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A Shared Responsibility: Counternarcotics and Citizen Security in the Americas

William R. Brownfield
Assistant Secretary, Bureau of International Narcotics and Law Enforcement Affairs
Statement before the Subcommittee on the Western Hemisphere, Peace Corps, and Global Narcotics Affairs of the Senate Foreign Relations Committee
Washington, DC
March 31, 2011


As prepared

Chairman Menendez, Ranking Member Rubio, and other distinguished Senators, thank you for the opportunity to appear before you today to discuss counternarcotics and citizen safety efforts in the Western Hemisphere. Today, we are facing complex and evolving threats from a wide range of transnational criminal organizations, established drug traffickers, foreign terrorist groups, and violent youth gangs in the region. Illegal narcotics remain the financial lifeblood of these organizations and while the interdiction and eradication of narcotics remains a major priority, we recognize that these efforts cannot be sustained without holistic support for the rule of law, measured most importantly by the safety of citizens in each country.

In South America, drug production often occurs in areas controlled by groups like Sendero Luminoso in Peru and the FARC and ELN in Colombia which use proceeds to wage wars on their governments. In Mexico, we face a different threat from groups willing to use shocking amounts of violence to protect their criminal interests with no political aspirations beyond that of sheer profit. The most emergent threat in the hemisphere is that facing Central America. As our partner nations in the Andes assume greater responsibility for expanding the rule of law and as our cooperation with Mexico continues to grow, transnational criminal organizations are moving deeper into Central America, where weak institutions and low capacity offer a climate of impunity for criminal activity. To meet this threat, the Department is accelerating and refocusing the Central American Regional Security Initiative (CARSI) as a Citizen Security Partnership for Central America, to address the region’s most urgent needs and support the growth of the strong institutions needed to fight violence in coordination with regional partners like Colombia and Mexico as well as other international donors.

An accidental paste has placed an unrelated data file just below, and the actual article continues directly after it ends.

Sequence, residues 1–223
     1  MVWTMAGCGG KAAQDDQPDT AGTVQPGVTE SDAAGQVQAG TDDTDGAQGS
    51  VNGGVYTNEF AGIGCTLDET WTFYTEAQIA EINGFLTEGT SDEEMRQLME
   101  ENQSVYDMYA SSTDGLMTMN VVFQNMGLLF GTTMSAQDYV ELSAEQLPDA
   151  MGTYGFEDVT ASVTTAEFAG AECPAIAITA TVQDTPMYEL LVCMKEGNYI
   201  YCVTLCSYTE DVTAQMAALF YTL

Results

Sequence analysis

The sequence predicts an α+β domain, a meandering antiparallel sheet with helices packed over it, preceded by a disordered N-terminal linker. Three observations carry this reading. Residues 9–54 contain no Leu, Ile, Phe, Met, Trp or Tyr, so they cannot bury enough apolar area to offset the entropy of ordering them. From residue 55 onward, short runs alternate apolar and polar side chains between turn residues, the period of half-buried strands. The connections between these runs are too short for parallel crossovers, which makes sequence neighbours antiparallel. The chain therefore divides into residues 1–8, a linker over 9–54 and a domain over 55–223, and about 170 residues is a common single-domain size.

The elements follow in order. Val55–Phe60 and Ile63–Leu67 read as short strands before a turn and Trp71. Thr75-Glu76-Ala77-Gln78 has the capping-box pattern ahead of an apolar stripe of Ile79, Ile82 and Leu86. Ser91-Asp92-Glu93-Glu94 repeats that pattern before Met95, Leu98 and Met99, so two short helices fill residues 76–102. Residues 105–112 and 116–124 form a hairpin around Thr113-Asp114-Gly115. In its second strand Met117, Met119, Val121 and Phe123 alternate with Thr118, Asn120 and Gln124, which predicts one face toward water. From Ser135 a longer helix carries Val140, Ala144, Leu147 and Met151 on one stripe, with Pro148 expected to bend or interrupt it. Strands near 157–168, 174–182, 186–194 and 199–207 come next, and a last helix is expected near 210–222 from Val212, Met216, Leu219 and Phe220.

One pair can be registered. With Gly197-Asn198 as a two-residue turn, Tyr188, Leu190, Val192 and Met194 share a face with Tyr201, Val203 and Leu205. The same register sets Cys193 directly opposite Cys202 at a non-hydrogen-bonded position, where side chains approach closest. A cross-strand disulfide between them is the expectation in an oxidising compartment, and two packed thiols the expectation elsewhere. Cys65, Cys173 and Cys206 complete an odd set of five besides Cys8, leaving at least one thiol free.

However, progress in Central America will only push drug traffickers elsewhere if we do not support strong institutions throughout the hemisphere. Recognizing this, we are also implementing the Caribbean Basin Security Initiative (CBSI), to address citizen safety and regional cooperation throughout the Caribbean, another conduit through which drugs and other contraband can enter the United States. As these projects unfold in Central America and the Caribbean, and our partnerships with Mexico and Colombia continue to grow, we are putting in place a comprehensive approach to address crime, violence, and trafficking throughout the hemisphere.

Meeting these challenges will not be easy, but we have considerable experience to draw upon. In Colombia, we now have a partner assuming greater responsibility for the rule of law within its own territory. Over the past decade, Colombia has developed a robust institutional capacity to combat narcotics cultivation and trafficking. We estimate that potential pure cocaine production potential in Colombia fell to 280 metric tons in 2009, a sixty percent decline from 2001. More important than these numbers, however, are the critical reforms made by the Colombians, who are now increasing responsibility for counternarcotics programs, to promote development and greater inclusion throughout the population. Most critical of all, the Government of Colombia has implemented tax reforms needed to pay for these critical initiatives. The Colombian experience demonstrates that U.S. assistance, coupled with strong leadership and political will, provides the support needed for a country to take responsibility for its own security.